"It is specifically for a registry for Parkinson's and MS (muscular dystrophy)," Mrs. Hulsey said. "“It is estimated that 2 million people have Parkinson’s,” Mr. Hulsey said. “But no one has any real numbers.”
Congressman Phil Gingrey has been very supportive of their efforts and of HR 1362, the Hulseys said, along with Sen. Johnny Isakson.
The disease remains unseen and unnoticed by many, but it affects many families.
In Polk County alone, Mrs. Hulsey said there are approximately 3,100 families who are affected in some way by Parkinson’s disease.
It’s a disease that affects an entire family because, as in Mr. Hulsey’s case, the disease progresses to the point of being debilitating. The ability to drive a car may be lost, along with a career. Incomes are affected. Spending priorities are changed.
Through all the challenges the Hulsey family has faced, Mrs. Hulsey said they have found strength in their faith.
“People ask me ‘How?' and I point to the sky and say ‘God,'” she said. “You have to have a lot of faith.
“You have to try and enjoy each day, because that’s what we have.”
The Hulseys have three children. Chad, 20, is off at college in Atlanta; Kayti, 14, is an award-winning student and their youngest, Will, is 6.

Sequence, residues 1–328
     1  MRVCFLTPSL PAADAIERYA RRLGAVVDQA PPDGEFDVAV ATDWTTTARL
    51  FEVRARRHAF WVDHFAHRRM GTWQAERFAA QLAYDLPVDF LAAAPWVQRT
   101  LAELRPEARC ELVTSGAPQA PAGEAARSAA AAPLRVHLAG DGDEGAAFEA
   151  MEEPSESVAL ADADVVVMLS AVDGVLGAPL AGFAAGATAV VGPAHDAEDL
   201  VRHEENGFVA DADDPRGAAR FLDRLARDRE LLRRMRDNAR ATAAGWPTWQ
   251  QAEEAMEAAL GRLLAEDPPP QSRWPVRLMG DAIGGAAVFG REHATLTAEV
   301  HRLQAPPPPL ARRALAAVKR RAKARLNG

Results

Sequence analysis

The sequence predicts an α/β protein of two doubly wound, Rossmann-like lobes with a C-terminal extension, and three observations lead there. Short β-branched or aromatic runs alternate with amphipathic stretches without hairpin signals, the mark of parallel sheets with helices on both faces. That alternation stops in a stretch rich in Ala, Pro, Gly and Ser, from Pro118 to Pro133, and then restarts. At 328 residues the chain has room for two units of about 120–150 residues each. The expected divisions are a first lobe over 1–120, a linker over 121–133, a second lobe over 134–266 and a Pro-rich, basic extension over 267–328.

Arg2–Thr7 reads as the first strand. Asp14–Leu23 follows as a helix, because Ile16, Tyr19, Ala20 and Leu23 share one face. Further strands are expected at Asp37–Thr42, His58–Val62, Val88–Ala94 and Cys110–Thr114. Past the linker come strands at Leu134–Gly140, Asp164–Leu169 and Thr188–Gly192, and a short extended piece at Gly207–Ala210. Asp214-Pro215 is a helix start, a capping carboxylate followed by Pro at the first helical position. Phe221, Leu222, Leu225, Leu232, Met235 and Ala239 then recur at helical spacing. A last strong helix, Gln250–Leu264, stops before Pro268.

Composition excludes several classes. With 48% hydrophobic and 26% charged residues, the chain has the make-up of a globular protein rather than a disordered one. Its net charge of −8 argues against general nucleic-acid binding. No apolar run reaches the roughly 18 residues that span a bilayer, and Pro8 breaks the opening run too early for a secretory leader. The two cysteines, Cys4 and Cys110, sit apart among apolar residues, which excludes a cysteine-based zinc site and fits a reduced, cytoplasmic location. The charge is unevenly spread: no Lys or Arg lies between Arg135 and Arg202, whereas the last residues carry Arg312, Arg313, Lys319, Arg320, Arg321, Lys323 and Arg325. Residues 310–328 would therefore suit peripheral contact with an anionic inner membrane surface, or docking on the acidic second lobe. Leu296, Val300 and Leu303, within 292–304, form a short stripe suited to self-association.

Parkinson's disease contacts:
For more information on how to register, call Jennifer at 770-546-0286.
For more information about NWGA Parkinson’s Disease Association, call James Trusell, chief volunteer officer, at 706-413-3264.
Find a support group near you:
Rome Support Group:
Meets the first and third Tuesday of each month beginning at 6 p.m. at 5th Avenue Baptist Church Fellowship Hall, Rome.
Polk County Support Group:
Meets the second Thursday of each month beginning at 6:30 p.m. at the Polk Medical Center Community Room.
Calhoun Support Group: Call 706-413-3264 for meeting information.
Dalton Support Group:
First Meeting will be held on Tuesday, April 8. Meets the second Tuesday of each month beginning at 6:30 p.m.
Dalton Senior Center:
Tai Chi Exercise Program. Mondays beginning at 6:00 p.m. at Floyd Senior Adult Recreation Center.
Call 706-413-3264 for more information on any of these programs or visit our website at: